Once the IVA proposal is approved, the nominee then becomes the supervisor. The role of the supervisor is to ensure the terms of the IVA are met by all parties involved. It is their responsibility to balance the interests of both you and the creditors.


How much does an IVA cost?

An IVA procedure does incur some costs. As an IVA can only be initiated through an insolvency practitioner, you will be accountable for the IP fees for initiating the process. The payment method is different for different practitioners. In some instances, it may be possible to distribute the fees over the monthly payments whereas other practitioners may expect the cost of the fees to be settled before the IVA is in place. In many cases, IPs will offer free advice but charge nominee and supervisor fees that will be included in the IVA costs.


Does an IVA place you on the insolvency register?

If you agree to enter an IVA, you will be placed on the insolvency register. This is a public record and includes your name, address, date of birth and occupation. If you work in the financial sector this may impact your role so all options must be considered carefully before entering into the IVA process. You will be removed from the register three months after the completion of your individual involuntary arrangement.


How long does an IVA last?

As aforementioned, an IVA typically lasts between five and seven years. However, the exact timeframe will ultimately depend on your ability to pay back the monthly instalments. For example, it is possible to pay a lump sum up front to reduce the length of the IVA. The insolvency practitioner will put forward in the proposal the number of months in which the procedure will be ongoing, offering viable monthly repayments. In most circumstances, any property that you own will have to be re-mortgaged. However, if this is not an option, generally you will be expected to pay for a minimum of an additional 12 months.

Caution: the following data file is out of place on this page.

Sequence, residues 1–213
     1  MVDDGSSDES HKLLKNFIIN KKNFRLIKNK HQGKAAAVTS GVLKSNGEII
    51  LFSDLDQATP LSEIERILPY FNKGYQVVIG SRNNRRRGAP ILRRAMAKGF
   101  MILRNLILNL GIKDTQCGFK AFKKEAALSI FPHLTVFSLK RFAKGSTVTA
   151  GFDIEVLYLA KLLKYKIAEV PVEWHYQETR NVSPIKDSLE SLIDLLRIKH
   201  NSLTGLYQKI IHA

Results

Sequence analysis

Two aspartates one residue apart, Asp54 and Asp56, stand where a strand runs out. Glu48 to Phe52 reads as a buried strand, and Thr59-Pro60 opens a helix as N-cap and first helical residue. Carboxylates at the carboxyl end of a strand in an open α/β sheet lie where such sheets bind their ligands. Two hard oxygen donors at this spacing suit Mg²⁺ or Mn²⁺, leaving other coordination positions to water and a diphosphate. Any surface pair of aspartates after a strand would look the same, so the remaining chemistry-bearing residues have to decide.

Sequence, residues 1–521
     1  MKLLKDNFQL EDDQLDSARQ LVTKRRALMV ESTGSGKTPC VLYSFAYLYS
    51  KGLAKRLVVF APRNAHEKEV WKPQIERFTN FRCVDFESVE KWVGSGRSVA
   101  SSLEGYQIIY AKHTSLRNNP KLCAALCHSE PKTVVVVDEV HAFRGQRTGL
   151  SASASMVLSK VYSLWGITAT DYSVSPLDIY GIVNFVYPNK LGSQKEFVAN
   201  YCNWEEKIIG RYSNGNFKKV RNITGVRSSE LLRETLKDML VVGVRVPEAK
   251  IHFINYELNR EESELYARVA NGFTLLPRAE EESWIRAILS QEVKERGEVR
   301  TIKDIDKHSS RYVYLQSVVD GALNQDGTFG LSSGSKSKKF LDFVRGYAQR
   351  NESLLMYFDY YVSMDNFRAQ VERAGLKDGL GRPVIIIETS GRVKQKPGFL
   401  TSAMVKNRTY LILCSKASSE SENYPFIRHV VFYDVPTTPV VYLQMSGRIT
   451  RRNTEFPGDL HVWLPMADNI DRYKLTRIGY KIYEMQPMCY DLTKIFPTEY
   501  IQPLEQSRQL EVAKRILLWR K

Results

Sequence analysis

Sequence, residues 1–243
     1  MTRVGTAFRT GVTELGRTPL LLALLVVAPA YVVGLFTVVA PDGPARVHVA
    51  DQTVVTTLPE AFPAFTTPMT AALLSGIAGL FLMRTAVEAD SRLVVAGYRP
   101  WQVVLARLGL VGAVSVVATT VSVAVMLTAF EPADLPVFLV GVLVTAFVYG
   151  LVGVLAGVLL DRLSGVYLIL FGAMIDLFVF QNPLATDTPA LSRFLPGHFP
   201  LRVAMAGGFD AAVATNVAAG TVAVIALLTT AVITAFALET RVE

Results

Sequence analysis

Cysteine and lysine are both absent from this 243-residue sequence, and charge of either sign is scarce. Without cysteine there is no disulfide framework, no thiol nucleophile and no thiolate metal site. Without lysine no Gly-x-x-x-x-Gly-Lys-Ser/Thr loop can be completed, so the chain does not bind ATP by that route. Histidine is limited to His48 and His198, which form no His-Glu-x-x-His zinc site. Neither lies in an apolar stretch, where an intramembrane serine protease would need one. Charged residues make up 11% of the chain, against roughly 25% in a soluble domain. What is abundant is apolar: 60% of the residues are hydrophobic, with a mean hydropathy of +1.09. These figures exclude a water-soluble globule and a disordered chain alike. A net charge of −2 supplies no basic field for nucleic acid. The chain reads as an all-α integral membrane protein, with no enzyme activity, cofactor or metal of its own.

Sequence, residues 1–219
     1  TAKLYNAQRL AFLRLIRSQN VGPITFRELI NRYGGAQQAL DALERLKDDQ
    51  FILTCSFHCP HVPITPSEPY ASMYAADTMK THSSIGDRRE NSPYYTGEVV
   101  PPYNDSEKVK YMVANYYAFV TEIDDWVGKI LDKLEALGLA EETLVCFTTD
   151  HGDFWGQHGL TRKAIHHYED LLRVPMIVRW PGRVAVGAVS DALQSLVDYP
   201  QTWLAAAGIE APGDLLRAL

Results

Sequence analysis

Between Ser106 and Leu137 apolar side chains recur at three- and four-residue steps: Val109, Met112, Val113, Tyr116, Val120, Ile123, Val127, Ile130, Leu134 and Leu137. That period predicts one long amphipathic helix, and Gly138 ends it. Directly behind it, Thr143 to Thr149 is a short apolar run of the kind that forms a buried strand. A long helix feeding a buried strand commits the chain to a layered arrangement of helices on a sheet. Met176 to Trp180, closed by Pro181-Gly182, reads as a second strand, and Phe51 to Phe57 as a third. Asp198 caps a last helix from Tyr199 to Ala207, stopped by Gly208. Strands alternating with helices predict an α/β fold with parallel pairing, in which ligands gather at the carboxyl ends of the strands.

Do I qualify for an IVA?

Individual voluntary arrangements are not always granted as there are certain criteria to meet. For example, you must have enough additional income to propose a proportionate payment of the debt owed to your creditors. It is highly recommended that you take a look at your finances and what you can afford to repay before you enter into the procedure.

The IP will also recommend a feasible amount to ensure you are not paying more than you can afford. They can also assist you with budget management and suggest areas where you can reduce your outgoings.

It is extremely important to consider both the pros and cons before entering into an individual involuntary arrangement.


Pros of an IVA

– An IVA usually lasts no longer than seven years, after which, your debt is repaid.